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Could South Korea-Saudi Arabia military ties challenge US hegemony?

The two countries' deepening economic ties are the culmination of an alliance that began during the Cold War but may be threatened by US interests
Crown Prince Mohammed bin Salman and South Korean President Yoon Suk-yeol pose for a photo in Seoul, on 17 November 2022 (Saudi Royal Court)

The deepening economic and political ties between South Korea and Saudi Arabia, sealed in late November during a summit meeting in Seoul, are the culmination of a relationship that began in the 1970s at the height of the Cold War.

It remains to be seen if this new relationship will be embraced by the United States

During that decade, South Korea, led by industrial giants Hyundai and Samsung, sent dozens of companies and thousands of industrial workers to Saudi Arabia to participate in one of the largest construction booms in world history. 

Now, a half-century later, the two countries have moved beyond their simple swap of petro-dollars for infrastructure into expansive partnerships in the high-tech electronics, communications, and military industries that South Korea excels in and Saudi Arabia needs.

Role in 'Vision 2030'

At their November summit, Crown Prince Mohammed Bin Salman and President Yoon Suk-yeol signed over $30bn worth of business deals and pledged to move towards a "future-oriented strategic partnership". 

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"The crown prince’s visit became an important milestone in taking the bilateral relationship one step farther,” President Yoon, a conservative former prosecutor, said after his meetings with bin Salman. "In particular, [the crown prince] said he would like to drastically strengthen cooperation with South Korea in the areas of defence industry, infrastructure and construction," he added. 

For his part, Bin Salman praised South Korean companies for their participation in Saudi Arabia's development and, in a sign of continuity with the past, met with the top executives of Hyundai and Samsung. His visit came nearly a year after he met President Moon Jae-in, Yoon's predecessor, during a Korean state visit to Riyadh. 

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Most of the discussions in Seoul involved Saudi Arabia's "Vision 2030" plan to diversify its economy beyond oil exports. The centrepiece of this grandiose vision, called "Neom", is a $500bn project to develop a giant "eco-friendly and smart" city in the northwest part of the country. 

Just before the summit, major Korean companies signed 26 contracts and memorandums of understanding for Neom projects in construction, petrochemicals, pharmaceuticals, agriculture, gaming, and energy. Future bilateral deals could include a South Korean role in Saudi Arabia's first nuclear power plant and an increase in South Korean military technology transfers to the oil-rich kingdom. 

But it remains to be seen if their new relationship will be embraced by the United States, which maintains deep military ties with both countries and views them as essential partners as it seeks to build Cold War-type alliances to counter and confront Russia, China, and Iran

In recent years, US relations with both countries have been fragile. Saudi Arabia has come under withering criticism from US liberals and conservatives for human rights violations, including the 2018 murder of US journalist Jamal Khashoggi and Saudi conduct in the war in Yemen.

Over the summer, the Biden administration angrily said it would "reassess" US-Saudi relations after Riyadh joined Russia in voting to slash oil production, allegedly violating a secret pledge to increase its output.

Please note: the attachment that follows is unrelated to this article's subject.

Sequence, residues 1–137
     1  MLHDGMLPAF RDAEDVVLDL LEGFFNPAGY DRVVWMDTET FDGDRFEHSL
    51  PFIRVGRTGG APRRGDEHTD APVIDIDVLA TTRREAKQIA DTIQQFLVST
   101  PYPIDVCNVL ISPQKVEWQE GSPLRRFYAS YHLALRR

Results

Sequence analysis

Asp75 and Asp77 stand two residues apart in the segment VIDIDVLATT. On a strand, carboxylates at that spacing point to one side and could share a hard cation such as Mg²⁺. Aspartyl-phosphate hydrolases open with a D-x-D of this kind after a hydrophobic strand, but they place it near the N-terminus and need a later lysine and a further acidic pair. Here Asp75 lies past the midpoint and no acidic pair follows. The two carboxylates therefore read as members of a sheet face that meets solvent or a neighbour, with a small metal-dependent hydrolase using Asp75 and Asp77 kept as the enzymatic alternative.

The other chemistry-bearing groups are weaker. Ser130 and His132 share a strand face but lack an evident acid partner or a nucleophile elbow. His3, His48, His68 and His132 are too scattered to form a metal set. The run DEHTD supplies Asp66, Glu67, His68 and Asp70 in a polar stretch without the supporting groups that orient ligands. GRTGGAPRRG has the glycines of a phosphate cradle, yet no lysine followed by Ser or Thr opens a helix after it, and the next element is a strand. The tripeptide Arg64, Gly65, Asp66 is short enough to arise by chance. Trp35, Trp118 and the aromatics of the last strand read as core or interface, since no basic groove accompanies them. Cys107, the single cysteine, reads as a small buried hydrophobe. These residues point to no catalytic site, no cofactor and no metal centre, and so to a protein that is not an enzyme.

Unsteady allies

Until President Yoon was elected earlier this year, Seoul was widely seen by Washington insiders as an unsteady ally willing to make concessions to North Korea and China, yet unable to drop World War II grievances and reconcile with Japan, America's most important ally in the Pacific.

Early in his term, Yoon, who has sought to reverse Moon's engagement policies, was criticised for snubbing House Speaker Nancy Pelosi during her visit to Seoul, and then publicly insulting Congress by describing its members as "idiots" after a short meeting with President Biden in New York.

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"The Republic of Korea’s sense of entitlement may be as great as in Saudi Arabia," Doug Bandow, a prominent critic of US military alliances abroad, wrote in October in an article that called for a re-evaluation of US ties with those countries.

These alliance structures, however, are critical to US strategy. Under President Joe Biden, the Pentagon has emphasised the importance of US-led multinational alliances, and sought to link regional partners together with weapons and communications systems all parties can use. This policy of "interoperability," particularly with South Korea and Japan, inevitably favour American defence giants such as Lockheed Martin. 

That was made clear in 2019 when Randall Schriver, then the assistant secretary of defence, praised Seoul and Tokyo for their "substantial investments in US equipment". Speaking at the Center for Strategic and International Affairs, Schriver said "we’re happy to see that, not only because it’s good for industry but because it helps with interoperability and it helps the overall capability of the alliance." 

In this context, US defence officials may not want to see South Korea and Saudi Arabia drift from these alliance structures and become more independent of the Pentagon.

As the Korea-Saudi relationship veers into security and South Korea expands its military industry, the possibility looms of a clash over the scope of their bilateral ties and the potential impact of Korean exports on US arms sales.

Korea arms expo
US army's new Apache AH-64E attack helicopter exhibited during the Defence Expo Korea 2022, the biggest military weapon exhibition in the country (NurPhoto/Reuters)